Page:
The seemingly decent Rama (Iko Uwais) is among those charged with extracting Mr Big from the top of the monolithic mousetrap.
En route to drug kingpin Tama (Ray Sahetapy), they meet all manner of his acolytes who are either armed and/or simply dangerous. Very dangerous.
Throughout the running (and jumping) time, the increasingly contrived action gets more violent, more intense and more outrageous.
But for those of us who want something more than dazzling action and an uncomfortable degree of bone-crunching stunts and killings, Evans loses the plot. Some of the fisticuffs seem to go on for ever and I’m not sure that even with this degree of martial arts’ training the human skull is capable of surviving so many brutal attacks. I simply felt increasingly sickened at the disappointing realisation that, yes, it really is possible to have too much action and violence in one movie for it to remain an entertainingly escapist form of relaxation.
2 Days In New York * * *
Cert 15, 96 mins
I’ve never had motormouth Chris Rock down as being even a half-decent actor before now – keeping him off-screen as Marty the New York zebra in the animated film Madagascar was a masterstroke.
Here, Rock is given the chance to be relatively serious with a comedy touch in this lively sequel to writer-director Julie Delpy’s 2007 film, 2 Days In Paris.
True, his relationship with the blonde actress might not exactly be likely to push up of sales of chocolates on the concessions stand, but then how often does Hollywood ever even dare to offer this degree of black male with white female?
Armed with a chin beard and thick black glasses which almost look stolen from The Two Ronnies’ collection, he’s closer to a cross between Spike Lee and Denzel Washington than standard Chris Rock.
Flitting between French and English and rapidly-edited Big Apple snapshots, 2 Days In New York features Delpy’s character Marion on the eve of her biggest photography exhibition to date.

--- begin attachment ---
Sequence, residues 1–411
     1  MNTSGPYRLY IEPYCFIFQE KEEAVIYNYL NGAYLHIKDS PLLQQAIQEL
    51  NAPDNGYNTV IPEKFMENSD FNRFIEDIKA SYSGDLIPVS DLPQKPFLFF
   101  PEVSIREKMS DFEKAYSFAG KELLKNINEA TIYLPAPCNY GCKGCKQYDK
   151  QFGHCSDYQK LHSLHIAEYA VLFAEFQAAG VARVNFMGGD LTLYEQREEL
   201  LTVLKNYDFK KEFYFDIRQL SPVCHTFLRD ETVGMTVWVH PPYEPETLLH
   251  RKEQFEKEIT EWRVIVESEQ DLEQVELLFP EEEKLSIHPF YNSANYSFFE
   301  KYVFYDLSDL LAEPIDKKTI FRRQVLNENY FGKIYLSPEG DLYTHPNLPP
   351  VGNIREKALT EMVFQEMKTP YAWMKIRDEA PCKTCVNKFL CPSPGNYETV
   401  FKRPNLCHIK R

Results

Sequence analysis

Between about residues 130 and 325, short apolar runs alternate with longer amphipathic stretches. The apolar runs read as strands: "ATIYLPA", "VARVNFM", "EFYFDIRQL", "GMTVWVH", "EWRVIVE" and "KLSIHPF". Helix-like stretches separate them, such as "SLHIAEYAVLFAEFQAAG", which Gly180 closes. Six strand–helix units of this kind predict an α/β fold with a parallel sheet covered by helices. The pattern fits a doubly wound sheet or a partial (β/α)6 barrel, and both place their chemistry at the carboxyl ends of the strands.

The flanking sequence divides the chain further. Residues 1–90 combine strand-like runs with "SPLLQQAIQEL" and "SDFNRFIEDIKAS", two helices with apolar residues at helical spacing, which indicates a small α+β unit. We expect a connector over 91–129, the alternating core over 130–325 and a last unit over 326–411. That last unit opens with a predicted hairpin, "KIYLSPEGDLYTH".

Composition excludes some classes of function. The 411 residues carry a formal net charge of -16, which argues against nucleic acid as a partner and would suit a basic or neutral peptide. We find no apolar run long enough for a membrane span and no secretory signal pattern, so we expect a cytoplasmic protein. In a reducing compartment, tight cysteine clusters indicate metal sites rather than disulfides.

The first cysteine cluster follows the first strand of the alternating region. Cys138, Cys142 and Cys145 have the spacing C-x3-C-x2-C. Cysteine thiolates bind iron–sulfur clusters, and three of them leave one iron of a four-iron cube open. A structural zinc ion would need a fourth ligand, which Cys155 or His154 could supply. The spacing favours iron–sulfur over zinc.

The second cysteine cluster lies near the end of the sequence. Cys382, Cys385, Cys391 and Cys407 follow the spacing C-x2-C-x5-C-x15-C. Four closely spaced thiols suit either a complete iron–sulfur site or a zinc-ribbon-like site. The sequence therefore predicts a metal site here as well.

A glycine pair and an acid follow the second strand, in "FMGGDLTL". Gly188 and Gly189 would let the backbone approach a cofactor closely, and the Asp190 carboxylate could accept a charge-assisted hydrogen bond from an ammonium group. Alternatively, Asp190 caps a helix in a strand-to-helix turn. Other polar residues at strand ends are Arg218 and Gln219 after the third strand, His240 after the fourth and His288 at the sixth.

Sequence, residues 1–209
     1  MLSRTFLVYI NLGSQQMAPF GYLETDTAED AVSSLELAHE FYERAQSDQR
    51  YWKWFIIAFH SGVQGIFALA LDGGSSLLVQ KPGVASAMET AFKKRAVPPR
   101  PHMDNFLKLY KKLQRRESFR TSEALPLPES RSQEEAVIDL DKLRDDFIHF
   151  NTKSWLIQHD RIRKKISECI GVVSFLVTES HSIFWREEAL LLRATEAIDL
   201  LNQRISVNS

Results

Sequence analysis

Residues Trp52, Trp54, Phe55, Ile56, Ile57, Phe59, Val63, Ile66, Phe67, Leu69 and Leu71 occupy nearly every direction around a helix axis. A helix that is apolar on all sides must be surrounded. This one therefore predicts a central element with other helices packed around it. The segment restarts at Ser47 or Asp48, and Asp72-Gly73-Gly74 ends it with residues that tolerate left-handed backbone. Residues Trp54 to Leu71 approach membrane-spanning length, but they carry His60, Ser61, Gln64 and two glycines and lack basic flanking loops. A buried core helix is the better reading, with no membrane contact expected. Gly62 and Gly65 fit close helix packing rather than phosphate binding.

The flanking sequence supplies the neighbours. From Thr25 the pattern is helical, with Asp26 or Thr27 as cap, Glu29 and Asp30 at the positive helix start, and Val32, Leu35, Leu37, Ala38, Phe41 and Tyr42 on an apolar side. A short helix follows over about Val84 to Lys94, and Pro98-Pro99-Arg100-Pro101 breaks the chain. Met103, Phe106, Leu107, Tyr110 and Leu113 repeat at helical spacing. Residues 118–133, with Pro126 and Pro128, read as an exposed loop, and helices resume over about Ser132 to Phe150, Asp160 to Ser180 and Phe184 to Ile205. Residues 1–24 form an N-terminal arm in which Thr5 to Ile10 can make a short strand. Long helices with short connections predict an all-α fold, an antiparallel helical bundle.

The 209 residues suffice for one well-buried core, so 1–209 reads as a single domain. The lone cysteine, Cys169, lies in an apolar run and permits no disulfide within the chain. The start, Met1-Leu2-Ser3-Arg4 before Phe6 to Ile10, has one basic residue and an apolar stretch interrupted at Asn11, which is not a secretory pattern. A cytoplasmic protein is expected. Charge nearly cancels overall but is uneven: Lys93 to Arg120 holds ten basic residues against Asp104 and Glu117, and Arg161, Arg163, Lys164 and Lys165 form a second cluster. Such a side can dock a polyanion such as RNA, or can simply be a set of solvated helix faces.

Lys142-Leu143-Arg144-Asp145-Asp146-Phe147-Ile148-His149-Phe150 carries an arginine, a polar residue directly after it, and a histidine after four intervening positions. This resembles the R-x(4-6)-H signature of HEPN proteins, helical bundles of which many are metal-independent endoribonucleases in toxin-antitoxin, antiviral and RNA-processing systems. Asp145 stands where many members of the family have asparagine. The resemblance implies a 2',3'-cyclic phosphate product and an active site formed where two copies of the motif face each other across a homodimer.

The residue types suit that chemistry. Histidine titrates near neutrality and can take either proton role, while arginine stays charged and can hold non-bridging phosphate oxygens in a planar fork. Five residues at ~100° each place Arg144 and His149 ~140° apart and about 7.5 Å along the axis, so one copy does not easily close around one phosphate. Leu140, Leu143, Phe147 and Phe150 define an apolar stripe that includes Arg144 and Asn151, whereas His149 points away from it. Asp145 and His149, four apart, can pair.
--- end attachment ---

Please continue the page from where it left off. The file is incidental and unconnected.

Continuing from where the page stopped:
The arrival of her family – including oversexed sister Rose (Alexia Landeau) and her pot-smoking partner Manu (Alex Nahon), plus Delpy’s real-life father Albert Delpy as Jeannot – adds chaos to a mix that can best be described as Woody Allen lite.
Now split up from Jack (the unseen Adam Goldberg), Marion lives in Manhattan with her unfortunately-named young son Lulu (Owen Shipman), who refers to Rock’s DJ Mingus character as “fake daddy”.
Marion wonders if she can possibly commit herself to spending her life with just one more man when either partner will end up alone if the other dies.
Delpy’s overall message is to enjoy ‘ephemeral moments’. So if you enjoy films in which adults simply talk a lot, 2 Days will feel like a breath fresh air amid the current crop of releases.
Piranha 3DD *
Cert 18, 83 mins
Even if you have to reluctantly admire The Raid’s technical bravura though almost closed fingers, there’s nothing about Piranha 3DD which makes it remotely worth seeing. Not when a 3D ticket can cost you £9.50 plus 80p for glasses.
This film plumbs new depths in an Arizona water park sequel to Alexandre Aja’s 2010 remake of Joe Dante’s 1978 flesh-eating original. It’s sad to see Back to the Future’s Christopher Lloyd reduced to being so unfunny and unscientific.
Less so the fact that former Baywatch star David Hasselhoff runs bare-chested alongside a pool before complaining how unfit he is. He had it coming.
The Hoff once had a chest rug that the Persians would have been proud to have woven, but he’ll never deliver retro ‘Welcome to rock bottom’ lines like Robert De Niro.
The visual effects are poor and the double D of the title? Think of it a as a new exam mark and you’ll be guilty of being over-optimistic.